We live in a time where we are constantly bombarded with this message: Your worth is found in the world. Who you are is not based on who you were made to be, this world whispers.

The world tells us that our worth is dependent on the school we go to, the number and kind of friends we have, the kind of house we live in, the stamps on our passports, the color of our skin, the clothes we wear, the grades in our report cards, or the amount in our bank account.

The problem is when we focus on what everyone else has to say about us, we will find that we are never enough. So much of how this broken world runs and thrives is based on making you feel like something is constantly missing.

That’s why some of today’s most widely-received messages move around these truths: You are worthy. You are loved. You are more than enough. For all of us who carry wounds of the unseen variety—be it from a struggle with insecurity, bitterness, trauma, fear, or depression—these words soothe like a healing balm to a seared spirit.

But shifting from finding your worth in the world to finding it within yourself is not the solution. Because just like everyone else, the hard truth is that you, too, are broken in your own unique way. And looking to yourself to fix your own brokenness is like flimsily putting a bandage on your arm, when the damage is actually deep inside your heart. So while appreciating and loving yourself is a good step toward healing, it will not fully heal you. You will always find something unworthy, unloving, and lacking. This is why pursuing God and His perfect truth need to be the first and most important part of this picture. Outside God, genuinely embracing who you are and who you were made to be, is not just difficult to do—it is impossible.

You are worthy, because that is your identity in God. He has given you the greatest title—His child (1 John 3:1).

You are loved, because God, who is love Himself, loves you first and paid the ultimate price to demonstrate the extent of His love (1 John 4:9,10).

You are more than enough, because God, in spite of what you have done and have been through, says so. His Word carries far more weight than what you have to say about yourself (1 John 3:19,20).

Self-love may begin with a genuine desire to find out who you are, but it can only be nourished and fulfilled by looking to God. And His revolutionary approach to self-love runs counter-culture to how we may understand it to be.

1. Self-love begins with self-awareness.

Self-love that says, “This is who I am, and I cannot change,” is not truly love, but self-deception. Love does not insist on its own way (1 Corinthians 13:4), even when it comes to dealing with yourself. An honest awareness of your weaknesses, paired with an understanding of your God-given strengths, paves a powerful path for God to show you who you truly are in Him. There is no ounce of truth in the idea that you are unable to change. The Bible says in Romans 2:4 that the kindness of God is meant to lead us to repentance, and repentance in itself, is a change of heart.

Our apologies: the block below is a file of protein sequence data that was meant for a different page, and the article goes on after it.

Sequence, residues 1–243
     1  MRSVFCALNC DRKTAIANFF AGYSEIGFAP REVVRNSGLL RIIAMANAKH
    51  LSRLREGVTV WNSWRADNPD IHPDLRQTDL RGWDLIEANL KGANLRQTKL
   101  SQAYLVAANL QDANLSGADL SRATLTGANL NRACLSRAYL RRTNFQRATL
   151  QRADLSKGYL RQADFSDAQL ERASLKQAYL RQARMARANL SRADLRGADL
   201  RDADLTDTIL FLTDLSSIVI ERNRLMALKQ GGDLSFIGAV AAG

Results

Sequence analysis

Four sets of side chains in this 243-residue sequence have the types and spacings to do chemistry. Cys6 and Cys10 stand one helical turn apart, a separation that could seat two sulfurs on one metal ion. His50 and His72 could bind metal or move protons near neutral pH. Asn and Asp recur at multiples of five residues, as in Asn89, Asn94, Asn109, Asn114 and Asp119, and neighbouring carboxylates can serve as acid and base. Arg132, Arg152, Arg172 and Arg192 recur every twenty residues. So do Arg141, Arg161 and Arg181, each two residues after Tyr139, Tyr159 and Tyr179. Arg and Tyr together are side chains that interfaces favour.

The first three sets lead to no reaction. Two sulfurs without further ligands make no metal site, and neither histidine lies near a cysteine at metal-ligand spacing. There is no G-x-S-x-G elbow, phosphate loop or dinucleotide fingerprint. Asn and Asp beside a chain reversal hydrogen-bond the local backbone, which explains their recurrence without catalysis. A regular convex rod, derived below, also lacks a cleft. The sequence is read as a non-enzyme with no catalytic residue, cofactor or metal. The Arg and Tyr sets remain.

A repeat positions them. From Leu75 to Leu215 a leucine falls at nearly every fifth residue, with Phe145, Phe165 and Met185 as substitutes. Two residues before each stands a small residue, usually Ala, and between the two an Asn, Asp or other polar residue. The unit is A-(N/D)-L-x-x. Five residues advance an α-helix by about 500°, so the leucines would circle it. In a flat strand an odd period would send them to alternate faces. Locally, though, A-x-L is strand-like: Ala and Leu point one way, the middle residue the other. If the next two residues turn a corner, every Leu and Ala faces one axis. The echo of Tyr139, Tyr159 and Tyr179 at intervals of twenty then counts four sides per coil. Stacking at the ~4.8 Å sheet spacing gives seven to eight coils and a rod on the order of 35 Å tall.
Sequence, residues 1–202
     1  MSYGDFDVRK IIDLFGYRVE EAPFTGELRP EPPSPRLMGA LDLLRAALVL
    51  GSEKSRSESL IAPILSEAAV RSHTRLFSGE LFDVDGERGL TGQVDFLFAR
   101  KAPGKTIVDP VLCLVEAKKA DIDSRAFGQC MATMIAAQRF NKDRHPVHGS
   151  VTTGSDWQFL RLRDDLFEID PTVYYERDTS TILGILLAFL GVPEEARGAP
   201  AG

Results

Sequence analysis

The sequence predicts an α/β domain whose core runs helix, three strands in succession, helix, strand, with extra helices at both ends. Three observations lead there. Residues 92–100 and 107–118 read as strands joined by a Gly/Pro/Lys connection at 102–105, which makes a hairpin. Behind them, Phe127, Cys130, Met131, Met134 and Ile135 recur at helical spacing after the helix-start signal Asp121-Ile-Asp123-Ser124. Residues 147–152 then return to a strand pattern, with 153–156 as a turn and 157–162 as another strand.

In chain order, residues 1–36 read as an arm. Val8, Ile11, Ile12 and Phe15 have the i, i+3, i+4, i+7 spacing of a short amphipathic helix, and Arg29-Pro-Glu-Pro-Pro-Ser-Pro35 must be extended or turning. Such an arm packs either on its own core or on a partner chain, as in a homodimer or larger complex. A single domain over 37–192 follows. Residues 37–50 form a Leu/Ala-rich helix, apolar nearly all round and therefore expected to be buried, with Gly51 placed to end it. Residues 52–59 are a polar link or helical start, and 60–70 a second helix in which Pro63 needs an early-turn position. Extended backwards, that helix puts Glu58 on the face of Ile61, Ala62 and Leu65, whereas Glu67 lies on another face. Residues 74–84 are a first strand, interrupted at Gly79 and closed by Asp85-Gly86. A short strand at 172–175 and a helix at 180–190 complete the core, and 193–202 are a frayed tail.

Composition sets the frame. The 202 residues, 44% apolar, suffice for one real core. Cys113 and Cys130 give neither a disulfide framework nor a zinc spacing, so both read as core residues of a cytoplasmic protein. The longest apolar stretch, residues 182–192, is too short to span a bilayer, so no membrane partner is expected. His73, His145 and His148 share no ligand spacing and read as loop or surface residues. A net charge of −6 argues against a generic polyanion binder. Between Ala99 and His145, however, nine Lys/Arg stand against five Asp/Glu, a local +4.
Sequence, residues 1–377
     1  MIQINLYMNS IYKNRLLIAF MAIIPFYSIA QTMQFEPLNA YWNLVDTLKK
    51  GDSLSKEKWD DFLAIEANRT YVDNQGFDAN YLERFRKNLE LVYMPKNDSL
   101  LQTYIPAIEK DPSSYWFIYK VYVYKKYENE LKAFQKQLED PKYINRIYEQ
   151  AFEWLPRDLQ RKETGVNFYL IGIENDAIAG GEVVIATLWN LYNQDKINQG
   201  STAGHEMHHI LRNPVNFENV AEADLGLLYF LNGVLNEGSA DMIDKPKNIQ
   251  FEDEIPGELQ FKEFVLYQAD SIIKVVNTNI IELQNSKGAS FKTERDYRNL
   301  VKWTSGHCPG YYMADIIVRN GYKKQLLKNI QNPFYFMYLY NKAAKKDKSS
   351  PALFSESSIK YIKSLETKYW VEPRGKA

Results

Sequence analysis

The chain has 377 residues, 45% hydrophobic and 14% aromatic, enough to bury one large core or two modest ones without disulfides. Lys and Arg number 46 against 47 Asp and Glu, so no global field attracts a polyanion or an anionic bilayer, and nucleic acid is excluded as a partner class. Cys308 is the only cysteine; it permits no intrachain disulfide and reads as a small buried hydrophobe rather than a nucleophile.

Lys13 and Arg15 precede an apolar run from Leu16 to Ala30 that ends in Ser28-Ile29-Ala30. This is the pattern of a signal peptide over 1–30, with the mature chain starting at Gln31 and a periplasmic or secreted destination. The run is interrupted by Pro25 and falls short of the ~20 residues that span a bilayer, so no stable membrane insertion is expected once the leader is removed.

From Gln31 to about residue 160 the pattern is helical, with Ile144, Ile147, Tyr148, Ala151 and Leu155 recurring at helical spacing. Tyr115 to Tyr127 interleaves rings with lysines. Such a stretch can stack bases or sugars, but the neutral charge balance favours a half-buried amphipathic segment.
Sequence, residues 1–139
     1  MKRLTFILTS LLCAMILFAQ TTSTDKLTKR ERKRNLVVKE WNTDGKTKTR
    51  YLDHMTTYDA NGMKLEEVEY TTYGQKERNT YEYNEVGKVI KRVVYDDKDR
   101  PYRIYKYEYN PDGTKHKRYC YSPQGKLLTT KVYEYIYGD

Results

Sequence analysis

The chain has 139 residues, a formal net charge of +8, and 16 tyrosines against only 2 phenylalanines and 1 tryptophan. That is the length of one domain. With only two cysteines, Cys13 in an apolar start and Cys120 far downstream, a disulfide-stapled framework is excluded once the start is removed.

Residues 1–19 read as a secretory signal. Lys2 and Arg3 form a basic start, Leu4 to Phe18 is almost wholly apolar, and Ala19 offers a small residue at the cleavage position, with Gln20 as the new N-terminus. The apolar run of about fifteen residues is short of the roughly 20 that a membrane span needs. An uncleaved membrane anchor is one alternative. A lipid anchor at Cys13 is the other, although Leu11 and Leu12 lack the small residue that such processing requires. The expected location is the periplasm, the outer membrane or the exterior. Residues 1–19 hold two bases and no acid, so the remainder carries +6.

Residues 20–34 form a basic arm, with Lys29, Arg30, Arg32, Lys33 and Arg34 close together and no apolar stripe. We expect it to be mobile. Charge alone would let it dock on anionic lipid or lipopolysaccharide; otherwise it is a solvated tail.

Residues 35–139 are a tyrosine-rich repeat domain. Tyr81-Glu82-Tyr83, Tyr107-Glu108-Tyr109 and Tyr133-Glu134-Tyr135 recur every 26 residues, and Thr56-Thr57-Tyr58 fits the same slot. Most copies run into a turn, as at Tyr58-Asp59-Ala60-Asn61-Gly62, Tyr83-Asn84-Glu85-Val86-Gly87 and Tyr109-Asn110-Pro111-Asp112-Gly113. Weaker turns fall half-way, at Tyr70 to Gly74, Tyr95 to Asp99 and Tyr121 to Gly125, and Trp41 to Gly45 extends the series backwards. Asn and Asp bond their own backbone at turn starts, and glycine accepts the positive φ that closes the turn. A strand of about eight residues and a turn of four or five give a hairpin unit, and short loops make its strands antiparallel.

2. Self-love doesn’t always feel good.

You love yourself, so you travel. You love yourself, so you take time to relax. You love yourself, so you invest in working out and eating right. These things are good! Taking care of yourself is a way of faithfully stewarding the body God has given you. However, we miss out on a deeper level of self-love when focus only on what feels good.

In John 15:2, Jesus said that God prunes that which bears fruit so that they can continue to grow. To prune something means to cut or to take something away from it. Naturally, this process of being shaped is more often than not uncomfortable and painful. But God doesn’t desire to hurt us; He wants us to thrive and flourish.

3. Self-love is a transformational, lifelong process.

God is always in the business of making things new. A favorite verse of mine to declare for this is 2 Corinthians 5:17: “Therefore, if anyone is in Christ, he is a new creation. The old has passed away; behold, the new has come.” This verse doesn’t only apply on the day we receive Jesus in our hearts or when we get baptized; discovering who we are in God and walking with Him are part of a lifelong journey of always being made new. Isaiah 64:8 says, “We are the clay, and You are our Potter.” Self-love as directed by God means constantly surrendering yourself to be molded by Him, trusting that only the work of His hand can allow you to see and be the best version of who you are.


Larissa Joson
Larissa Joson

Larissa P. Joson is a storyteller. She shares stories through her work as a writer, editor, and marketer, and through her business-advocacy, The Dream Coffee. Her favorite story to tell is always of God’s faithful pursuit, redemption, and renewal in her own life. She volunteers in her local church, Victory Parañaque, believing that shaping the lives of the next generation means shaping the future of our world.

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